The population of Edison, WA is 133. But we decided to take the northern route 20 heading east across Washington because we wanted to stop in Edison for breakfast. We met friends who drove down from Bellingham and explored town: a couple galleries, a bakery, a handmade furniture maker, a local artist wares shop, and Tweet, said breakfast place. Tweet looks to be in an old garage and it now peddles veggies, coffee, and scrumptious meals to locals and visitors. I’d venture to say it’s a two hour detour worthy place. We ate our last extravagant northwest breakfast there before reluctantly turning the car eastward toward Chicago.
My friend Chaela has influenced many delicious habits of mine (tahini on toast, molasses on granola and yogurt), but I am now taking also taking inspiration from her parents. We got to visit with them in Chaela’s home state of Washington, and now, I’m determined to replicate their rhubarb sauce and red lentil hummus. Her parents also bake awesome pies (I feel I owe the success of the Paonia Peach Pie to them). Her mom, Tamie, has honed her kitchen skills for over 30 years at the charming Antique Sandwich Co. in Tacoma, WA. Check out some of the photos Chaela took of the place last summer. Her mom’s cafe was an absolute must-see of our NW road trip this summer, and it was certainly a highlight. At this point in the trip I was beginning to have eating out overload, so I didn’t plan to order this milkshake, but it looked too darling to pass up. No regrets. Espresso + Chocolate + NY Times crossword.
I think Mallard’s ice cream in Bellingham, WA makes my top three all time favorite ice cream joints. It even beats Jeni’s in Columbus, OH. Last time I was here I ate a very memorable cardamom ice cream. I was disappointed to not see it on the flavor list this time, but that allowed me to branch outside my indian spices and try basil. It was sweeter than I expected, but it was perfect. I will have dreams about this ice cream. The chocolate earl grey wasn’t bad either. But, oh man, the basil.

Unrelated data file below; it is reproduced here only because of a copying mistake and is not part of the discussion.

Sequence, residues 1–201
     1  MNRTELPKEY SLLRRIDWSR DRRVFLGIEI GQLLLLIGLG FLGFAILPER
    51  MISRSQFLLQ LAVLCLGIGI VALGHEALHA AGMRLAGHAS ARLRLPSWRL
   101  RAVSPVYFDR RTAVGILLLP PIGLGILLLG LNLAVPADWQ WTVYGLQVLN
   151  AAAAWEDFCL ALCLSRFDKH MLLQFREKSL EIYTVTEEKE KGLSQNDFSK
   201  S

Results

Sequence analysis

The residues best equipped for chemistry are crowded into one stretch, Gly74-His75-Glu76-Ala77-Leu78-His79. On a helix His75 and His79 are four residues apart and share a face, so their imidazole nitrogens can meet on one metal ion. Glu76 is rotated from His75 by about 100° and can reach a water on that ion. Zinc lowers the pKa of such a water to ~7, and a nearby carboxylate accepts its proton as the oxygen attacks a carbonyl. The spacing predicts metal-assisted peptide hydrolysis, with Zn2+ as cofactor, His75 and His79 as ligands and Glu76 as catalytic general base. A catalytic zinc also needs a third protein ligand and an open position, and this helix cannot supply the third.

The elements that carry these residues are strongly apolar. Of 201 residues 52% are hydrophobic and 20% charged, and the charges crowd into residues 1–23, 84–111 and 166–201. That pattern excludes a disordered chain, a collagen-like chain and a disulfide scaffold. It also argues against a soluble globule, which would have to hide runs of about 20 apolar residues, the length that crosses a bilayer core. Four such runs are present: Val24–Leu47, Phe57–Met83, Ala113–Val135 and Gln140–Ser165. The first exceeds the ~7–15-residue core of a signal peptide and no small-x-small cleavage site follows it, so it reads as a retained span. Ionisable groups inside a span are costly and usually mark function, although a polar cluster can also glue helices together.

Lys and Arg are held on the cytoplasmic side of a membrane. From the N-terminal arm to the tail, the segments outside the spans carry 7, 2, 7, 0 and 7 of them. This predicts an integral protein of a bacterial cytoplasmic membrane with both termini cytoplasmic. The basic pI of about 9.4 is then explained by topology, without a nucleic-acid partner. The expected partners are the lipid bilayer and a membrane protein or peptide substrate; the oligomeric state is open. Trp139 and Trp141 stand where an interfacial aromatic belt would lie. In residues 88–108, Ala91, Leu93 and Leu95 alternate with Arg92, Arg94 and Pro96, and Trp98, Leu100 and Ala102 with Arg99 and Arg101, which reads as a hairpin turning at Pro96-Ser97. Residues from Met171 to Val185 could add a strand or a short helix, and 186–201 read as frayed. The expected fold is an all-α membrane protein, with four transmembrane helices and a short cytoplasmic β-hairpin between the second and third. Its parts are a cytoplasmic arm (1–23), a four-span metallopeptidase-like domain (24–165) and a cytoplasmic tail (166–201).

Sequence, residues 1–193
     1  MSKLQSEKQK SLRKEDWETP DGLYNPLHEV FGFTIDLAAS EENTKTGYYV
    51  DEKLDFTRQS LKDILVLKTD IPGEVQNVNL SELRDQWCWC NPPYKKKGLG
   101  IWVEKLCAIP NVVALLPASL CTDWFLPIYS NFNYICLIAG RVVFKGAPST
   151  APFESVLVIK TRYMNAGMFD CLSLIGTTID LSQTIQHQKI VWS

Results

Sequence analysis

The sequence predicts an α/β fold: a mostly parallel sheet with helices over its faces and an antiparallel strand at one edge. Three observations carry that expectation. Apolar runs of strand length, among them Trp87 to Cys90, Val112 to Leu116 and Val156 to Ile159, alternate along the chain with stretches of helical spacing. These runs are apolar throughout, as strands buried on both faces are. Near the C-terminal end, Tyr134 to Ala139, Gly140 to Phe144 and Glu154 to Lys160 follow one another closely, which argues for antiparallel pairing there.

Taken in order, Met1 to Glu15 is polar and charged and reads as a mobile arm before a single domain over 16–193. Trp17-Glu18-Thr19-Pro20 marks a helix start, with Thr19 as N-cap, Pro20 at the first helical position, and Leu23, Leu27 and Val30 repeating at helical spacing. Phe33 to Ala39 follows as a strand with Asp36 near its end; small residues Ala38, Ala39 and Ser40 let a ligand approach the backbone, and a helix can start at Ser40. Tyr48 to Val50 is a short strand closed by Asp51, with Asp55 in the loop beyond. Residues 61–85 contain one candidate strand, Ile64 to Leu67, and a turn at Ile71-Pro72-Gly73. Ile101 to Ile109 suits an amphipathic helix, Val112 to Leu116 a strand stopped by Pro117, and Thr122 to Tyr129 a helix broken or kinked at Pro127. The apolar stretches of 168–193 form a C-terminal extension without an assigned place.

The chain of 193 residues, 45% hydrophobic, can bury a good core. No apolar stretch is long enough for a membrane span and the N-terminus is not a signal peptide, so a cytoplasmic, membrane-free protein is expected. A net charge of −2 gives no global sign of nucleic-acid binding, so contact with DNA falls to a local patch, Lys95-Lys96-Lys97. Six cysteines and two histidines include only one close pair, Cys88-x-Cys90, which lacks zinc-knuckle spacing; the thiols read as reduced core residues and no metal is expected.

Our first stop on Orcas Island was for lunch at The Kitchen, a mostly outdoor cafe of Asian inspired deliciousness. We all ordered variations of rice and veggies with tofu or tempeh or salmon. I had tofu with sesame rice cakes and peanut sauce. We ate in the sun.
Anna, my nyc roommate, hails from Seattle, and turned me onto The Coastal Kitchen, and for that, I don’t know if I can ever repay her. In 3 trips, I’ve stayed in Seattle for a grand total of approximately 4 days, and I’ve eaten breakfast just as many times at the Coastal Kitchen. I love how their menu focuses on a rotating latin country, and how you can learn tidbits about the country from the audio piped into the bathroom. I had smoked sea bass with yucca hash and poached eggs there that I will never forget. I’m just worried I’ll never be able to pull myself away and try a new breakfast place in Seattle, ever!
I took some time out from Kansas to travel to Washington state with my mom for a spontaneous weekend adventure. I wanted her to see the state I’ve fallen in love with and to love it too and to declare she’s moving the family to the west coast. I was extremely worried that the whole plan was ruined as it rained the entire weekend. But I knew there was still hope when my mom turned to me very seriously and slowly declared, “This is the BEST LATTE I’ve EVER had.” Of course we ate well in Seattle, on Whidbey Island, and in Bellingham (love), but it was the homecooked goodness from our most hospitable of couchsurfers that made the eatin’ so good, not to mention the good vibes and conversation also bestowed upon us!
On Whidbey Island, Nikki and Luke made us an autumn feast that included dates stuffed with marcona almonds and wrapped in bacon, acorn squash filled with apples and raisins, beet, goat cheese, toasted walnut, spinach, and balsamic salad. Thankfully Nikki took us on a hike along the bluffs the next morning. We had such a wonderful evening full of food, conversation, and board games!
In Bellingham Jim and Rick made a delicious breakfast of hash browns, eggs in the hole, and canadian bacon cooked entirely in cast iron skillets with eggs from their chickens. They have an enviable pantry and are obviously fond of sharing food with friends. They had a beautiful looking cask of apple cider fermenting nicely on the counter, and I could get lost in their back garden for hours. They also took us to the Bellingham farmer’s market where I spent the morning swooning over beautiful Washington produce and lemon and pumpkin whoopie pies.
And we got to hang with Harold, and break bread for breakfast at the Firehouse Cafe.